Pregnancy might be blissful for some, but my experience was a little less so. Nausea and crushing fatigue nicely transitioned into heartburn and stretch marks. But what can you do? What’s safe to take? Spending hours researching every medicine and remedy is crazy making. To answer your questions we’re tackling the subject of essential oils in pregnancy.
Like ingestion of essential oils, using essential oils during pregnancy can be a controversial topic. Pregnant women spend a lot of time making sure everything they put in and on their bodies is safe – as they should! We’re going to answer your questions and share the best ways to use essential oil during pregnancy.
Are essential oils safe for pregnancy?
Lots of women seek out natural remedies during pregnancy because they want to avoid medications or they are off-limits. Essential oils have become a popular choice with women looking for alternative ways to ease the often uncomfortable symptoms of pregnancy.
Just like essential oils pass through the layers of skin, some essential oil components may pass into the bloodstream and then the placenta where they can affect the baby. Those effects aren’t necessarily negative, but how essential oils might impact pregnancy has not been subject to scientific study so there’s little data about what those effects might be. That lack of information leads some to avoid essential oils altogether, especially during the 1st trimester, a more fragile time of pregnancy.
The National Association of Holistic Aromatherapy writes that “there are no records of abnormal fetuses or aborted fetuses due to the ‘normal’ use of essential oils, either by inhalation or topical application” and “no recorded cases of miscarriage or birth defect resulting from aromatherapy massage using therapeutic applications of any essential oil.”
If you plan to use essential oils while pregnant, use caution and common sense. Stick with the standard safe practices and usage recommendations set by aromatherapy associations. This is not the time to wing it and use any ol’ oil you might have sitting around.
Bottom line: proper use of essential oils can be safe for pregnant women, however, we always recommend talking with a trusted medical professional or aromatherapist so that your medical history, current condition and medications can be taken into consideration. Pregnancy is a great time to find a local aromatherapist who can guide you through using essential oils through birth and with your child.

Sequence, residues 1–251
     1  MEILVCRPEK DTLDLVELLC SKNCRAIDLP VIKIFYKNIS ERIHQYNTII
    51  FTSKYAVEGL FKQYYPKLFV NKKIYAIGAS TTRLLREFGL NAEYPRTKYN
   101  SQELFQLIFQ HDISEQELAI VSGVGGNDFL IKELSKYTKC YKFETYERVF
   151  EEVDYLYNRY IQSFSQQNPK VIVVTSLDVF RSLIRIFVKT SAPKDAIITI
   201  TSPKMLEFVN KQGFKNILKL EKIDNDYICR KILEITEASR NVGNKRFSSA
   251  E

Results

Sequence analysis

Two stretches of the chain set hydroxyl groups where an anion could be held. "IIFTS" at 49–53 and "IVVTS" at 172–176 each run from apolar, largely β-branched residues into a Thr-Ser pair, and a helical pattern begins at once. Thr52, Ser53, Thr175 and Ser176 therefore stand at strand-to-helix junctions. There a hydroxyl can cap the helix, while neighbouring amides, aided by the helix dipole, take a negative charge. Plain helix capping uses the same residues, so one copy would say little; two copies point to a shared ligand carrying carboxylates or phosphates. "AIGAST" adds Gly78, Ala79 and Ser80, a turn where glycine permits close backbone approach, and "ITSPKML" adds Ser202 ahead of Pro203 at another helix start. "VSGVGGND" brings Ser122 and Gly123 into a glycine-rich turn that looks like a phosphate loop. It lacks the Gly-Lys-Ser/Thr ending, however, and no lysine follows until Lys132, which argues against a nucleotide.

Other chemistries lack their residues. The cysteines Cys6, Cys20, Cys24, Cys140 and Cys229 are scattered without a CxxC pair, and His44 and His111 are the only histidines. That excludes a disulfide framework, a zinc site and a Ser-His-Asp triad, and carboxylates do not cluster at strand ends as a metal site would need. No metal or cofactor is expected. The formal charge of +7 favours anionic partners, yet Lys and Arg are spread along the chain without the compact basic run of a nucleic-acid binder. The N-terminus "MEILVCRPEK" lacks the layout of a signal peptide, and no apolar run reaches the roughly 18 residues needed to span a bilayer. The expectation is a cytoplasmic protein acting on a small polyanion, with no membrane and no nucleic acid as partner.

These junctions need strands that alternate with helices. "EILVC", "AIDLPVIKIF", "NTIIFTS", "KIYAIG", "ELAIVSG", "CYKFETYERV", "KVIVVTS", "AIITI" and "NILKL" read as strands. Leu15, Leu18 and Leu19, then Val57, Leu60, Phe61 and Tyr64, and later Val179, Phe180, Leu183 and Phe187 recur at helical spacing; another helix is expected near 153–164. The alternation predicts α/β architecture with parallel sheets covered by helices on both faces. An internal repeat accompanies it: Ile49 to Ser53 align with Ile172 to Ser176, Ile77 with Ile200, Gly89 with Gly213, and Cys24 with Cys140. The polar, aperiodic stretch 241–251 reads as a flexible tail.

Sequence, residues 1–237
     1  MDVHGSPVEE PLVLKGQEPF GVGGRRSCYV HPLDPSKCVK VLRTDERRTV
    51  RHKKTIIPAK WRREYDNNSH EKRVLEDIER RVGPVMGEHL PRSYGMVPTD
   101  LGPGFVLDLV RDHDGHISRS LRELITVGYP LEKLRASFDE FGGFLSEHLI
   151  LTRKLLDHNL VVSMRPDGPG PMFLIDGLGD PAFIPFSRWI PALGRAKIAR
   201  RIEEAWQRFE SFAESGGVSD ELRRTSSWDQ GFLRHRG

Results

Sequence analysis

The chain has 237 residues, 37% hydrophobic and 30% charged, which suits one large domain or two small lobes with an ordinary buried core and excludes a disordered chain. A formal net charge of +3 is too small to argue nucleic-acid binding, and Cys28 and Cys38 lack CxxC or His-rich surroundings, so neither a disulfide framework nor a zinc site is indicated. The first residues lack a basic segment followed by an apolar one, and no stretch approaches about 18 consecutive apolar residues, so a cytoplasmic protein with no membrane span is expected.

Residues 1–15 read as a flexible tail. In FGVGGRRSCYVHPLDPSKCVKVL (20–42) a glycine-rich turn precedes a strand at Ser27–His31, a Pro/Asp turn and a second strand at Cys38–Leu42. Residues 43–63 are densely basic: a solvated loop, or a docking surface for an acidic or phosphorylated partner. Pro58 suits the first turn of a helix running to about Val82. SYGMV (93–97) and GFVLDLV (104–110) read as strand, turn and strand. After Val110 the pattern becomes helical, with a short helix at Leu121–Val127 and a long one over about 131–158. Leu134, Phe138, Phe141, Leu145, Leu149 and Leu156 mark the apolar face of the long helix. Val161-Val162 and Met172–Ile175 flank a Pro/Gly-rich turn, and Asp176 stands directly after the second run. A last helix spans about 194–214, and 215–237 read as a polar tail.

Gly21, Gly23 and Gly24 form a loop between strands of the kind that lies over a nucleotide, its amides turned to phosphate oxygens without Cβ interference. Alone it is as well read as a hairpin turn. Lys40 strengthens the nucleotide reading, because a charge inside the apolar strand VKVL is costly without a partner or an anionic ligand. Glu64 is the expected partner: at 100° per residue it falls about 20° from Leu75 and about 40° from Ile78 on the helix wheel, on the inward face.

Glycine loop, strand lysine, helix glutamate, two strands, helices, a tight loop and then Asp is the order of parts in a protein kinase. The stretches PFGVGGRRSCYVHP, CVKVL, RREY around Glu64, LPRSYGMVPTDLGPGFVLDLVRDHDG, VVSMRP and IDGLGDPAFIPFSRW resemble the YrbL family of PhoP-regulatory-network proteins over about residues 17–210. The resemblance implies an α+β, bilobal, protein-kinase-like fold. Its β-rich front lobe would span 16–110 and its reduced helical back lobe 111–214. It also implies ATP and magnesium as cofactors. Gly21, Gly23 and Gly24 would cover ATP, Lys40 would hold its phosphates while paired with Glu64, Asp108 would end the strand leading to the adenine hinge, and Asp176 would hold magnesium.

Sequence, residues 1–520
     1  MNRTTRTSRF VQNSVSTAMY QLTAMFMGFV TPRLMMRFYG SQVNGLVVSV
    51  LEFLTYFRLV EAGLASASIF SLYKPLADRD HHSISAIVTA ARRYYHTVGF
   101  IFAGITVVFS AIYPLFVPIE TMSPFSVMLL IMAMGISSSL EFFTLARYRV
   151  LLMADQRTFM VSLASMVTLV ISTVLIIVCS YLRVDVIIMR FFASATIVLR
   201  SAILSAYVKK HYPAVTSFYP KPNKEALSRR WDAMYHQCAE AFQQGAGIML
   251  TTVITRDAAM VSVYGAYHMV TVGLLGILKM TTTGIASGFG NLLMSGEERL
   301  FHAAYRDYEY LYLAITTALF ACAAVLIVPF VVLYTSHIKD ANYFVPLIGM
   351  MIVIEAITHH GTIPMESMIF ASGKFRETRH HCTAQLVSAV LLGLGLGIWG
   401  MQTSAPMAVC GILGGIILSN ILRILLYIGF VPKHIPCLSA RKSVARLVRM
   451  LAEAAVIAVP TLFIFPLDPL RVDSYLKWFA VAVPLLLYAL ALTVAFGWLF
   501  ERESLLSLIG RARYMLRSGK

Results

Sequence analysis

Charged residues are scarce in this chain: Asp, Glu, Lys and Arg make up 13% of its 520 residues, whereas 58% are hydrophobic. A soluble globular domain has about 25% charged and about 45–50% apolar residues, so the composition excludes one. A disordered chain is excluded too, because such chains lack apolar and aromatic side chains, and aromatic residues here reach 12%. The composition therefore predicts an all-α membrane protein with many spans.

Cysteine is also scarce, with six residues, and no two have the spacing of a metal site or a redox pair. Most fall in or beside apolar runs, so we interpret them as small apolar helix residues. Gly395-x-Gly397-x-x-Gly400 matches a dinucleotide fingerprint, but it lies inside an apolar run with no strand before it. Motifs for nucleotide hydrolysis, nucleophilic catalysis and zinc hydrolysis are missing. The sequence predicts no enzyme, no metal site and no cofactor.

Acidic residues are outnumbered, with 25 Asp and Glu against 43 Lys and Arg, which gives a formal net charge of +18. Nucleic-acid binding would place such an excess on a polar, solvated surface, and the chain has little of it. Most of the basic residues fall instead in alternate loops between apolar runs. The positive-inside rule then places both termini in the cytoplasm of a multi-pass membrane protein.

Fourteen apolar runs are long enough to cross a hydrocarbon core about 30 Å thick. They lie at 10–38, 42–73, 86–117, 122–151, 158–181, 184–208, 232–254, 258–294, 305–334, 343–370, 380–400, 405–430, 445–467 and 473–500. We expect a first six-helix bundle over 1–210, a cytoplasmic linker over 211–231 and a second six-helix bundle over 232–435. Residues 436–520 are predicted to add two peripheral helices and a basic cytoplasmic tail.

The best essential oils for pregnancy
Before using any oil, make sure it’s a high quality, pure oil with no synthetic ingredients. Unknown ingredients can increase the chances of adverse reactions.
These oils are regarded as generally safe by the International Federation of Professional Aromatherapists for use with pregnant women when used properly.
- Bergamot FCF – Citrus bergamia
- Black pepper – Piper nigrum
- Chamomile German – Chamomilla recutita
- Chamomile Roman – Chamaemelum nobile
- Clary sage
- Cypress – Cupressus sempervirens
- Frankincense – Boswellia carterii
- Geranium – Pelargonium graveolens
- Ginger Root – Zingiber officinale
- Grapefruit – Citrus x paradisi
- Juniper Berry – Juniperus communis
- Lavender – Lavandula angustifolia
- Marjoram Sweet – Origanum majorana
- Neroli (Orange Blossoms) – Citrus x aurantium
- Petitgrain (Orange Leaf)– Citrus aurantium
- Rose Otto – Rosa x damascena
- Sandalwood – Santalum album
- Sweet Orange – Citrus sinensis
- Tea Tree – Melaleuca alternifolia
- Ylang Ylang – Cananga odorata genuina
How to use essential oils when pregnant
The International Federation of Professional Aromatherapists has created guidelines on using essential oils safely when pregnant. They recommend limiting EO use to two most common applications: inhalation and topical.
Pregnancy brings on so many weird side effects, and a common one is a heightened sense of smell. You may love some scents and absolutely hate others. But inhalation can be especially effective for pregnant women suffering from nausea and sleep issues. If your diffuser is getting a workout, make sure you’re following safe diffusion guidelines. You only need 3-5 drops of essential oil per 100ml of water in a well-ventilated room. Don’t diffuse for long periods of time. After 30-60 minutes, take a break.